Microstructure and properties of welds in the lean duplex stainless steel LDX 2101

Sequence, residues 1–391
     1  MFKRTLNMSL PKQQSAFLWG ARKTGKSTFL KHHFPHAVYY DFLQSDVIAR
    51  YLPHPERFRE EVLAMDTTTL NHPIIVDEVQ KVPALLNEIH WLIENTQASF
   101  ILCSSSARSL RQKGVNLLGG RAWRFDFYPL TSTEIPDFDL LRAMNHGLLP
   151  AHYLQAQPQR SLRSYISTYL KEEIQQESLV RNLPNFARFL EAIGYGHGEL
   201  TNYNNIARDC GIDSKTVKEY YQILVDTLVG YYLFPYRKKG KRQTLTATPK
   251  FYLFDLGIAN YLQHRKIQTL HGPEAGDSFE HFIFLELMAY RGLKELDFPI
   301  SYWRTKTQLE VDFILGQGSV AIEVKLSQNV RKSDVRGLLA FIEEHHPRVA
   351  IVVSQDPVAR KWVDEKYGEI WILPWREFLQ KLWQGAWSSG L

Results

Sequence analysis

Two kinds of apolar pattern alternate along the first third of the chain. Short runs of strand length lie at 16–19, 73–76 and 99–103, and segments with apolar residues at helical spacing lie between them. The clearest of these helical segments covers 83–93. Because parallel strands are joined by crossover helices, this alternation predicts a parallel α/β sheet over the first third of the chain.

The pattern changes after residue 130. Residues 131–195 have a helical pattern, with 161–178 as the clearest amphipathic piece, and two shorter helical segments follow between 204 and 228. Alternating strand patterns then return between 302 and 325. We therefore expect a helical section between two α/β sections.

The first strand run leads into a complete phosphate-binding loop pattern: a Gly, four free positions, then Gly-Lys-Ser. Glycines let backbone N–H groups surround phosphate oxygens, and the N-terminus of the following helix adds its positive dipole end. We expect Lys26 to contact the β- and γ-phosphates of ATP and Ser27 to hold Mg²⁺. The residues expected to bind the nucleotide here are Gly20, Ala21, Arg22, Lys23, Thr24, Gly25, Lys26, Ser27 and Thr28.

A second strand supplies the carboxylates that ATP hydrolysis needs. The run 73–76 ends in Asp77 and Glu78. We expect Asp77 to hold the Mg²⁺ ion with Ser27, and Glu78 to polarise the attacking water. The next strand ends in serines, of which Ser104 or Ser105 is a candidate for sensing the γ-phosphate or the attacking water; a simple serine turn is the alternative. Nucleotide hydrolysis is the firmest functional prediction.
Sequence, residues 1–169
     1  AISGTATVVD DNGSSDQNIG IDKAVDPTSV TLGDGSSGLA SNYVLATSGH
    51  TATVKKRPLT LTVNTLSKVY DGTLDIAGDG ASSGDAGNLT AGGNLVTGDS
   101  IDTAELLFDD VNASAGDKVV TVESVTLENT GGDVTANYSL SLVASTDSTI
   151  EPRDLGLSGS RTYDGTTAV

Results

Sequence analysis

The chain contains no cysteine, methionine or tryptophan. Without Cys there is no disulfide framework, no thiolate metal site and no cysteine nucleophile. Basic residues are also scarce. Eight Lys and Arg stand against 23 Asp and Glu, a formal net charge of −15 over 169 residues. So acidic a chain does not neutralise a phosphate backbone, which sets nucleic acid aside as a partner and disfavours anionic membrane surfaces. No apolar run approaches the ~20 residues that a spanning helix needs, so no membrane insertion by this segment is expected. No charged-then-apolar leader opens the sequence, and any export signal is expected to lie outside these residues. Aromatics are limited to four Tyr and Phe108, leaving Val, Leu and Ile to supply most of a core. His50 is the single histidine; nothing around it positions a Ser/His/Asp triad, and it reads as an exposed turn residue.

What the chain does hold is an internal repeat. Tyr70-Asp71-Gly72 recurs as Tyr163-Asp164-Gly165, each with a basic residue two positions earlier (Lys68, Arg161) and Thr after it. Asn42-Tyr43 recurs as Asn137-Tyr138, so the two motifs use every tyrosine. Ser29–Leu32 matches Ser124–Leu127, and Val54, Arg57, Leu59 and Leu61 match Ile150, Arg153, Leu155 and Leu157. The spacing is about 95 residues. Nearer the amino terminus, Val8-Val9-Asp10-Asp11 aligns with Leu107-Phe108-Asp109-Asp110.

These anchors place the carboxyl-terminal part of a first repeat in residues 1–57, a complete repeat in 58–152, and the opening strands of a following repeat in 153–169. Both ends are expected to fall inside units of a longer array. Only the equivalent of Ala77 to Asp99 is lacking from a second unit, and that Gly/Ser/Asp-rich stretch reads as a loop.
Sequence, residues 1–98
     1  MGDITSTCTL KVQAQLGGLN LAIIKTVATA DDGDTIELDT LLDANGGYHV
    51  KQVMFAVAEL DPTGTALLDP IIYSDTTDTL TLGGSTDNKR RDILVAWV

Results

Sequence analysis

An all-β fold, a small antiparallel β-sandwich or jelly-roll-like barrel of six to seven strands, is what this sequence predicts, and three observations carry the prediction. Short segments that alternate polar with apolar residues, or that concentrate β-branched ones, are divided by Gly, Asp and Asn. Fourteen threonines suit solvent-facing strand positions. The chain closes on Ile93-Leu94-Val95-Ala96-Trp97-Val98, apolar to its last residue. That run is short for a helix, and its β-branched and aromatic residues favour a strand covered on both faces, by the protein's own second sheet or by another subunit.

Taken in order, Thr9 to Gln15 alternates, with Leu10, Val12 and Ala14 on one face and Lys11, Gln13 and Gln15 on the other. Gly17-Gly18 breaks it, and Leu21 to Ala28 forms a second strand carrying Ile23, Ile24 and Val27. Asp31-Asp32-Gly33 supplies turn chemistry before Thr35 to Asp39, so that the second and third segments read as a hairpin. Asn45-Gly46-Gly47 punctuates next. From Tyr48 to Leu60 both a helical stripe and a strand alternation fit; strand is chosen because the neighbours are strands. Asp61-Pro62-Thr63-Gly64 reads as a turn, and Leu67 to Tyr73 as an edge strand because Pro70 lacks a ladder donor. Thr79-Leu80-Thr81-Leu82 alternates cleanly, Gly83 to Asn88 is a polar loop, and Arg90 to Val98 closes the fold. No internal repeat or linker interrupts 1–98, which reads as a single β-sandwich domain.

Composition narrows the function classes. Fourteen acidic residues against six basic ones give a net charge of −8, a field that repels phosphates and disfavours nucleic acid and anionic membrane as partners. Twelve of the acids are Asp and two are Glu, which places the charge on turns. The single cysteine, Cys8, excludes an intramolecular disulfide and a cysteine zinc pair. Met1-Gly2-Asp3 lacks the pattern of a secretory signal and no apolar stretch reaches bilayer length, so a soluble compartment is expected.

Sammanfattning: Duplex stainless steels can be very attractive alternatives to austenitic grades due to their almost double strength at equal pitting corrosion resistance. When welding, the duplex alloys normally require addition of filler metal, while the commodity austenitic grades can often be welded autogenously. Over-alloyed consumables are used to counteract segregation of important alloying elements and to balance the two phases, ferrite and austenite, in the duplex weld metal. This work focuses on the weldability of the recently-developed lean duplex stainless steel LDX 2101® (EN 1.4162, UNS S32101). The pitting corrosion resistance of this grade is better than that of austenitic AISI 304 (EN 1.4307) and can reach the level of AISI 316L (EN 1.4404). The austenite formation is rapid in LDX 2101 compared to older duplex grades. Pitting resistance tests performed show that 1-2.5 mm thick laser and gas tungsten arc (GTA) welded LDX 2101 can have good corrosion properties even when welding autogenously. Additions of filler metal, nitrogen in the shielding gas, nitrogen-based backing gas and use of laser hybrid welding methods, however, increase the austenite formation. The pitting resistance may also be increased by suppressing formation of chromium nitrides in the weld metal and heat affected zone (HAZ). After thorough post-weld cleaning (pickling), pitting primarily occurred 1-3 mm from the fusion line, in the parent metal rather than in the HAZ. Neither the chromium nitride precipitates found in the HAZ, nor the element depletion along the fusion line that was revealed by electron probe microanalysis (EPMA) were found to locally decrease the pitting resistance. The preferential pitting location is suggested to be controlled by the residual weld oxide composition that varies over the surface. The composition and thickness of weld oxide formed on LDX 2101 and 2304 (EN 1.4362, UNS S32304) were determined using X-ray photoelectron spectroscopy (XPS). The heat tint on these lean duplex grades proved to contain significantly more manganese than what has been reported for standard austenitic stainless steels in the AISI 300 series. A new approach to heat tint formation is presented; whereby evaporation of material from the weld metal and subsequent deposition on the already-formed weld oxide are suggested to contribute to weld oxide formation. This is consistent with manganese loss from the weld metal, and nitrogen additions to the GTA shielding gas enhance the evaporation. The segregation of all elements apart from nitrogen is low in autogenously welded LDX 2101. This means that filler wire additions may not be required as for other duplex grades assuming that there is no large nitrogen loss that could cause excessive ferrite contents. As the nitrogen appears to be controlling the austenite formation, it becomes essential to avoid losing nitrogen during welding by choosing nitrogen-containing shielding and backing gas.
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